Martin Martinov, a Bulgarian biophysicist living in Park City, Utah, got off the tram Friday and said, “I’ve never seen snow like this that you didn’t have to hike to get to at this time of year.”

The record conditions are even attracting out-of-towners. Bradley Rieders of Woodbury, N.Y., traveled to Snowbird with his sons, 23 and 26.

“We came out here to ski and golf on the same day,” Rieders said. “We flew all the way out here just for that. The weather is beautiful, the skiing is fantastic; it’s paradise, just unbelievable.”

Snowbird has its large tram and two lifts operating, offering access to every run on the mountain. By extending the closing date to July 4, it will be open 202 days this season, a record by one day.

“There are places on the mountain that will probably retain snow all summer long,” said Emily Moench, the resort’s communications manager.

The fact that summer is still a long way off for Utah’s Wasatch Mountains works out well for the United States freestyle team, which is training at Snowbird. Scott Rawles, the moguls head coach, said the team was saving money by not having to travel to South America. Winter in the Southern Hemisphere doesn’t usually begin until August, and the only available snow in June and July is on glaciers crowded with the national teams of other countries.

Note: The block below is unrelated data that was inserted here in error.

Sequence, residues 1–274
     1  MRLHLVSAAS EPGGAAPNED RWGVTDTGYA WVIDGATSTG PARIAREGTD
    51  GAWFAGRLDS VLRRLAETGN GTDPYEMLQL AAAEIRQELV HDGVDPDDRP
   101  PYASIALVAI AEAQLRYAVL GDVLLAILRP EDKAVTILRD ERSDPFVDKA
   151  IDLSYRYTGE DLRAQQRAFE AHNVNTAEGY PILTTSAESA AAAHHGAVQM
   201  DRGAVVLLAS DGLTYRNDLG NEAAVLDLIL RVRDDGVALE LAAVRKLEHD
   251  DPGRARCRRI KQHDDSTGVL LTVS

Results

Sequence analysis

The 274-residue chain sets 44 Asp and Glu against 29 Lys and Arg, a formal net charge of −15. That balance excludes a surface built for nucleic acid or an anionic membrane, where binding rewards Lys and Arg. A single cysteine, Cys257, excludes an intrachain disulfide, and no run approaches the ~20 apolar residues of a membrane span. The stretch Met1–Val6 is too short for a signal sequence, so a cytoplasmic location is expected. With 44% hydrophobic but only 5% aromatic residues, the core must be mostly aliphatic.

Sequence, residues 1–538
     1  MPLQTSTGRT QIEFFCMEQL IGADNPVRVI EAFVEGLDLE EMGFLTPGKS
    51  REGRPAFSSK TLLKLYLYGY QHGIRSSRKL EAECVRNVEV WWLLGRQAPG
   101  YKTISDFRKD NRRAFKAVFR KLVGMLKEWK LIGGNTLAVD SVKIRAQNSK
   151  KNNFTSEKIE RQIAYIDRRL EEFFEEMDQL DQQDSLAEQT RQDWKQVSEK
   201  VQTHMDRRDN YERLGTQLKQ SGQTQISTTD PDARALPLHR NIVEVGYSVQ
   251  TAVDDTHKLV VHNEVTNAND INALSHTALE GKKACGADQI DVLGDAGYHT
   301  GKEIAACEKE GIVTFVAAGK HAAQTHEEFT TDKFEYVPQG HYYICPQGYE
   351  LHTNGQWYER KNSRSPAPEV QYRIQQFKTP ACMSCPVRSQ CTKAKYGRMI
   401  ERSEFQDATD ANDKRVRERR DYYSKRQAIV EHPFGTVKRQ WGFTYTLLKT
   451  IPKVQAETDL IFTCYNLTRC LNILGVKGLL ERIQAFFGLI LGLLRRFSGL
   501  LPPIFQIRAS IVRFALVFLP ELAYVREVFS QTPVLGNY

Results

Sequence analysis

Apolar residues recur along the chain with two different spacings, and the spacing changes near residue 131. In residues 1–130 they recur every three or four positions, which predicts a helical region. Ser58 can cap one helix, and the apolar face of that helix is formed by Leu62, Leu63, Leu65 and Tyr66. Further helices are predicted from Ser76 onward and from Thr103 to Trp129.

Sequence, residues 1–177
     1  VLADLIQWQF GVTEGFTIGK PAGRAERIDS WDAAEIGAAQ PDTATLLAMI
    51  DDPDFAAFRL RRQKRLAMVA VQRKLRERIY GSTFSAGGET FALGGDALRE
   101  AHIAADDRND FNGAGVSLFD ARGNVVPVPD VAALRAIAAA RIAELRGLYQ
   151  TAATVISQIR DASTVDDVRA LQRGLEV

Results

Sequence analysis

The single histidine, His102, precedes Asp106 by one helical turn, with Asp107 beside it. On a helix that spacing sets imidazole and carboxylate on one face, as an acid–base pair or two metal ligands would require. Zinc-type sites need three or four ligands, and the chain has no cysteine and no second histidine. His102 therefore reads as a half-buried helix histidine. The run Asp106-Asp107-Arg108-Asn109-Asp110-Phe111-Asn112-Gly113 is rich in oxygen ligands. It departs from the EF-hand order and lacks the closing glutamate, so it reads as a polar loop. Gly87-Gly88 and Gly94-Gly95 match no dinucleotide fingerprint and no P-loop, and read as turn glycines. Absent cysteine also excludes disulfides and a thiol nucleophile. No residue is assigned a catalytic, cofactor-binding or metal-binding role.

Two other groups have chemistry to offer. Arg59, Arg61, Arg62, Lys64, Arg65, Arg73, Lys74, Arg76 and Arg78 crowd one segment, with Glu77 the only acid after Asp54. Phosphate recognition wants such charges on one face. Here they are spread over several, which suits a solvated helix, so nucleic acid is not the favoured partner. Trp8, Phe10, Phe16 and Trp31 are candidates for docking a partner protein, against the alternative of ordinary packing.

“That is huge for us,” he said.

But just as the snow has hampered Chauner’s mountain bike series, it has even had an adverse effect on the overall operations at Snowbird, which likes to present itself as a four-season destination. The resort would normally be starting summer activities by now.

“Aside from the fact that the weather is cold and wet, the Alpine Slide track is buried under many feet of snow,” Moench said, referring to a popular summer attraction.